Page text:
Hong Kong Madame - English

Entrepreneurs of Hong Kong – Bart & Giuliano, founders Deadly Rabbits Concepts

March 20th 2023

by Aude Camus
Hong Kong is back baby!
(Some) People are wandering the streets without masks, lunch time in Central is busy as ever, it’s a mission to get a seat in the MTR during peak hours, tourists are queuing to hop on the newly revamped Peak Tram and restaurants are packed. And it feels amazing!
The past three years have taken a toll on our mental health and with the ease of restrictions comes a great relief. I don’t know about you, but I do feel like a weight has been taken off my shoulders. And I’m also thinking about all the businesses that have suffered a great deal during the pandemic and have shown unmatched resilience. So, I thought it’s only fair I do my part and support these businesses as well. I’ve caught up with Bart Szyniec and Giuliano Dacasto to get the lowdown on Deadly Rabbits Concept, their hospitality group launched in 2019.
Hey Bart, Giuliano. Thanks for taking the time to answer these few questions. To start with, can you share what inspired you to launch your first Ask for Alonzo trattoria together back in 2018?

Entrepreneurs of Hong Kong – Bart & Giuliano, founders Deadly Rabbits Concepts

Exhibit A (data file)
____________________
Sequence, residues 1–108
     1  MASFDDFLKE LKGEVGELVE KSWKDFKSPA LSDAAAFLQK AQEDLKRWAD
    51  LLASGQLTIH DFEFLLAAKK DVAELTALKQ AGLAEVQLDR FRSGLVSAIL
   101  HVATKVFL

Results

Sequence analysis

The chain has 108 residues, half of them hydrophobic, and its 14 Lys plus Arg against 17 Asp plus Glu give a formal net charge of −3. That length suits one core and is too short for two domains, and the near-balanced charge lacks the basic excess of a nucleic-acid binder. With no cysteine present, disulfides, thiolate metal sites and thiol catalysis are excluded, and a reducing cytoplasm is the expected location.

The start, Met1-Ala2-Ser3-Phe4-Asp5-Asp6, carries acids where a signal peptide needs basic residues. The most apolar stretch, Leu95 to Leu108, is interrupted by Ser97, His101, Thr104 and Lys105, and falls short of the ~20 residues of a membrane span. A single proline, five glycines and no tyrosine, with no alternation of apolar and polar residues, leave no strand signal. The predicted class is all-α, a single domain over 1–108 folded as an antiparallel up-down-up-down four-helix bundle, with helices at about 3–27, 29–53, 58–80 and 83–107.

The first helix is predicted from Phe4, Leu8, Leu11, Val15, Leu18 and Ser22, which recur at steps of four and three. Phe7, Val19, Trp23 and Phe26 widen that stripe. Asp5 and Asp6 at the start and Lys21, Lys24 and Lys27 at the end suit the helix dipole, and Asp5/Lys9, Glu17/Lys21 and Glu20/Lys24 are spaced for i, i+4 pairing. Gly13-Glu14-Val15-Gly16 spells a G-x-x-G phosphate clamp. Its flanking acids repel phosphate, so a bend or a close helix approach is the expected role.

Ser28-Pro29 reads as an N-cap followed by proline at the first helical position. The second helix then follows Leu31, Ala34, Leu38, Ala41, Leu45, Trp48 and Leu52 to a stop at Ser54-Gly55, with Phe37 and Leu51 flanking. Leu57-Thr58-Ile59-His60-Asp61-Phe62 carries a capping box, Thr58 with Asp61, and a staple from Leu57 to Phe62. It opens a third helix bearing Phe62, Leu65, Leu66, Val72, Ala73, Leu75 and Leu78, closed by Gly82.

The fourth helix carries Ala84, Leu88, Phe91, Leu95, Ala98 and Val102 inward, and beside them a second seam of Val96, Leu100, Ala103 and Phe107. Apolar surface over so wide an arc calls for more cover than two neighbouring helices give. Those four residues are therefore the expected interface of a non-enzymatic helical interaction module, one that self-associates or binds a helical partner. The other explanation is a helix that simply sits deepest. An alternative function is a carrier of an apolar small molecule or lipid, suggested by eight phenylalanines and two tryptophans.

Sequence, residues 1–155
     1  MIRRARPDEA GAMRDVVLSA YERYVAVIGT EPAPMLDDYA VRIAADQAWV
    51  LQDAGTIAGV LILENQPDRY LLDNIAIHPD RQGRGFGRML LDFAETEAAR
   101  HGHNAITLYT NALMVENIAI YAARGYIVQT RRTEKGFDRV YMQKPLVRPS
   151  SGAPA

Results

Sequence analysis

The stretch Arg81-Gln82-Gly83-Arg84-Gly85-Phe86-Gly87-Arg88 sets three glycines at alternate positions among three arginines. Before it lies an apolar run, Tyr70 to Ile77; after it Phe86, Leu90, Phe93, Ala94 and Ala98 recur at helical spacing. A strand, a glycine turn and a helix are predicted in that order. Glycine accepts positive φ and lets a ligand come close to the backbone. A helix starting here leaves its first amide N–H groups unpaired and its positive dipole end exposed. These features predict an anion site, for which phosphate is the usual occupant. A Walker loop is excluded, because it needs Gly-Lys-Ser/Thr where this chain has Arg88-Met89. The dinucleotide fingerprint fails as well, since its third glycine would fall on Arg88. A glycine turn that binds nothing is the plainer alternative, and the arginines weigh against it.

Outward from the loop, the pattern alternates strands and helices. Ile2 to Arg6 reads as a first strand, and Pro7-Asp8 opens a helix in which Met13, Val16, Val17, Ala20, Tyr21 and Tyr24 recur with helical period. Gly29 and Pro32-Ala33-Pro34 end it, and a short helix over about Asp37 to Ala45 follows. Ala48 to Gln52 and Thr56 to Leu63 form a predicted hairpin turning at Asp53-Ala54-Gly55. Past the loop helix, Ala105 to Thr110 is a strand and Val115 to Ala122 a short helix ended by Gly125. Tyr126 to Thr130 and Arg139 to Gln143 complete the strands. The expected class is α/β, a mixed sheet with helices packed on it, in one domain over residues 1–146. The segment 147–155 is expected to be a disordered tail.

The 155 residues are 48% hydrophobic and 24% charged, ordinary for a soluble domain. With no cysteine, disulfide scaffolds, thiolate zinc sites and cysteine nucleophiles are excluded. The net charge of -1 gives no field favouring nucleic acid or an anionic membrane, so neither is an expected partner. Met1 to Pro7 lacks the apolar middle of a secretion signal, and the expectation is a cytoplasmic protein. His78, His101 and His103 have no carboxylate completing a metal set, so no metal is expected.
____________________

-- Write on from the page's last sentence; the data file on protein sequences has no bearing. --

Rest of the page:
We’ve been friends for a few years, working in the hospitality industry and we first spoke about opening our own Italian restaurant back in 2014. What we wanted is to bring good, Italian home-style food to people at a price that wouldn’t ruin the fun. We were waiting for the right opportunity which finally came in 2018. This opening was truly more a process than an impulse decision.
By the way, who’s Alonzo?
The mysterious factor. And Deadly Rabbit number 3. He is the brain behind the concept, getting it all together and making it work.
What about your group’s name, Deadly Rabbits Concepts? It’s a rather unusual name for a hospitality group. Is there a story behind it?
We both like a grotesque sense of humour and we were inspired by the fictional “The Killer Rabbit” character from the Monthy Python and the Holy Grail movie. We kind of grew organically into this name for our hospitality group. This name means “you won’t see us coming” and we also liked the contrast between deadly and rabbit.